New York State has been awarded $2 million in funding from the federal Substance Abuse and Mental Health Services Administration (SAMHSA) to improve accessibility of mental health and substance use disorder services for vulnerable residents in New York City, and Westchester, Rockland and Orange Counties. The four localities account for 75 percent of the state’s COVID-19 infections.
The grant application was prepared by the Office of Mental Health (OMH) and the Office of Addiction Services and Supports (OASAS) and will enhance services in two of the hardest hit regions of the State – New York City and the Lower Hudson Valley.”
OMH Commissioner Dr. Ann Sullivan, said, “All New Yorkers have been impacted by the COVID-19 outbreak, but residents in NYC and the lower Hudson Valley have been particularly hard hit which can have a severe negative effect on emotional well-being. This award from SAMHSA will allow us to improve access to mental health and substance use disorder services for vulnerable people in those regions who have been disproportionately impacted.”
OASAS Commissioner Arlene Gonzalez-Sanchez said, “New York State offers nation-leading services and resources for addiction, and amid the COVID-19 pandemic, we continue to focus on guaranteeing that everyone is still able to access these critical, lifesaving supports. This funding will help to bolster these services and increase their availability in the hardest hit areas of New York, allowing people in these regions to continue receiving the help they need.”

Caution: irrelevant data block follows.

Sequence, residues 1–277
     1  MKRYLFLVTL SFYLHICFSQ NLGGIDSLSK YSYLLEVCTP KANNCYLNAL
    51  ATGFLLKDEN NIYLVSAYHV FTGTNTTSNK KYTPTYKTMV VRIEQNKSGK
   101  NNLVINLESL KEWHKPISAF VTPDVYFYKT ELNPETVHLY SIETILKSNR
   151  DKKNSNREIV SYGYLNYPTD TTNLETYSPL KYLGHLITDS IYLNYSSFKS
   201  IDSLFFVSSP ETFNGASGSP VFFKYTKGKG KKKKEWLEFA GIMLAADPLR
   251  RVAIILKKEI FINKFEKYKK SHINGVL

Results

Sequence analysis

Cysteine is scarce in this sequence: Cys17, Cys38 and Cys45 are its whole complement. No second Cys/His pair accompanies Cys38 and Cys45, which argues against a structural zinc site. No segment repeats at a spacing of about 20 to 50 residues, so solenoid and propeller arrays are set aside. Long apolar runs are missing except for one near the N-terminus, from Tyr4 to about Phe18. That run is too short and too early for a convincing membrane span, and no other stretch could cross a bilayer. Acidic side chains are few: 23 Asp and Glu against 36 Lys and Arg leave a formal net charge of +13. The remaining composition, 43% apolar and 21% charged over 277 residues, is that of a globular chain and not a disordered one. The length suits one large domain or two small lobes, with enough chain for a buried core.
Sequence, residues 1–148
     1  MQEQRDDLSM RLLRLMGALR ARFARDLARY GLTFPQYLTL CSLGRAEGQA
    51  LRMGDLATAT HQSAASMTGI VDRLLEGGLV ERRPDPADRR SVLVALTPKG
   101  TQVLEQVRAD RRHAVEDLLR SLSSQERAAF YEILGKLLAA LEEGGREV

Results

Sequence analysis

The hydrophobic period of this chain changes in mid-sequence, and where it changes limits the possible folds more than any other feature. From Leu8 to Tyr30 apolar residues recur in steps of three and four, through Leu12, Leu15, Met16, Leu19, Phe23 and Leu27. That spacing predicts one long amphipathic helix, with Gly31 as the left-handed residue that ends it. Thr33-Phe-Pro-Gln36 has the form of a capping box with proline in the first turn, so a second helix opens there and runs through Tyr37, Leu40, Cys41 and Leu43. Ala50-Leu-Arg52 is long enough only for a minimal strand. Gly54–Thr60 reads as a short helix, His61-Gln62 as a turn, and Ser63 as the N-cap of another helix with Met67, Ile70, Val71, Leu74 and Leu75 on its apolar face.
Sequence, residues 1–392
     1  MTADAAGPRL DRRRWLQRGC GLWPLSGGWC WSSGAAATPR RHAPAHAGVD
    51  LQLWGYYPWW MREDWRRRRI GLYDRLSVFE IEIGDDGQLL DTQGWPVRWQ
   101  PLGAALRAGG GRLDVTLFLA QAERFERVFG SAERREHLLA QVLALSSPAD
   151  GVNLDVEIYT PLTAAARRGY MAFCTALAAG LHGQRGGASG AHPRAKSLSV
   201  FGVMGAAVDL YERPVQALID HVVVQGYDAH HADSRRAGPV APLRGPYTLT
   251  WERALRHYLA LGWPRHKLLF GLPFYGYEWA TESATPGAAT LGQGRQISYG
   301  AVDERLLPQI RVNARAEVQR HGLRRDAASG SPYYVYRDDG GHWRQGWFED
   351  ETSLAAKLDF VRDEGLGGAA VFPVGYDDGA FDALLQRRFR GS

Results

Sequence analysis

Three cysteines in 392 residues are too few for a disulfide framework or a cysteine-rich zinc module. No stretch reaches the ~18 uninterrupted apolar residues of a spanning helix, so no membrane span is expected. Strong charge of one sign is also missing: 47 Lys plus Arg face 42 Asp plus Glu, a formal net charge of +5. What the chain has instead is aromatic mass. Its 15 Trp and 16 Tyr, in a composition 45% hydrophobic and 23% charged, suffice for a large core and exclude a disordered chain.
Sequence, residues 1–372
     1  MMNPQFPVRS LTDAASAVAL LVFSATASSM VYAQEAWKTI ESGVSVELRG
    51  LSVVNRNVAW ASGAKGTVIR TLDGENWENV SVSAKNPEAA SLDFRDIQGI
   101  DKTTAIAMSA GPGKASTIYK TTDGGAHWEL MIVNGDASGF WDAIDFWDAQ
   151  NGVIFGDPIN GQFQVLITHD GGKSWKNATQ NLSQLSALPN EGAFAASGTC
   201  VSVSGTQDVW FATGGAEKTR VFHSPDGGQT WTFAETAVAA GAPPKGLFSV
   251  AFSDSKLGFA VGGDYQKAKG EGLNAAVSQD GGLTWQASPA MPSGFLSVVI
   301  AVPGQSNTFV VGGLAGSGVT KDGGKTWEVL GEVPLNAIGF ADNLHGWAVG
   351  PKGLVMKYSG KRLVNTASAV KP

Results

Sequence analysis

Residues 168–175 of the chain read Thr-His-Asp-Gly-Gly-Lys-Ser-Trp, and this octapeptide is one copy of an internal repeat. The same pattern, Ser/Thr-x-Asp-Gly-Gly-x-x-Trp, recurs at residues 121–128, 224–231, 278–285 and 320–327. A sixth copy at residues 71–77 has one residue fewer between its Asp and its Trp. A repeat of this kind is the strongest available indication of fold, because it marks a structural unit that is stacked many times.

OMH and OASAS will partner with two organizations, Coordinated Behavioral Health Care (CBC) which serves New York City and Coordinated Behavioral Health Services (CBHS) which serves the lower Hudson Valley region.
The two organizations represent networks of more than 100 experienced OMH-licensed and OASAS certified agencies that provide comprehensive, integrated and coordinated network of mental health and substance use disorder services.
The groups being targeted for support include vulnerable New Yorkers with serious mental illness and/or substance use disorder. Healthcare workers who have been on the front line of the battle against COVID-19 will also be targeted for support.
The agencies will focus on three goals:
1) Providing brief crisis counseling and treatment using easily accessed telehealth services or in-person if needed while removing any financial barriers for receiving services;
2) Facilitating a person-centered approach for individuals to promote and support recovery while managing BH crisis in the community;
3) Improving transitions of care for people with serious BH conditions to shorten inpatient length of stay and stabilize people with serious conditions in community settings, thereby reducing emergency department and inpatient admissions and better connecting people who are transitioning from substance use disorder crisis and rehabilitation to community and recovery supports.
Help Is Available
New Yorkers who are feeling increased anxiety or are overwhelmed by the coronavirus emergency can call the COVID-19 Emotional Support Helpline (1-844-863-9314 ) for free and confidential support. The Helpline, open 7 days a week from 8:00 am to 10:00 pm, is staffed by volunteers, including mental health professionals, who have received training in crisis counseling.
New Yorkers struggling with an addiction, or whose loved ones are struggling, can find help and hope by calling the state's toll-free, 24-hour, 7-day-a-week HOPE line at 1-877-8-HOPENY (1-877-846-7369) or by texting HOPENY (Short Code 467369).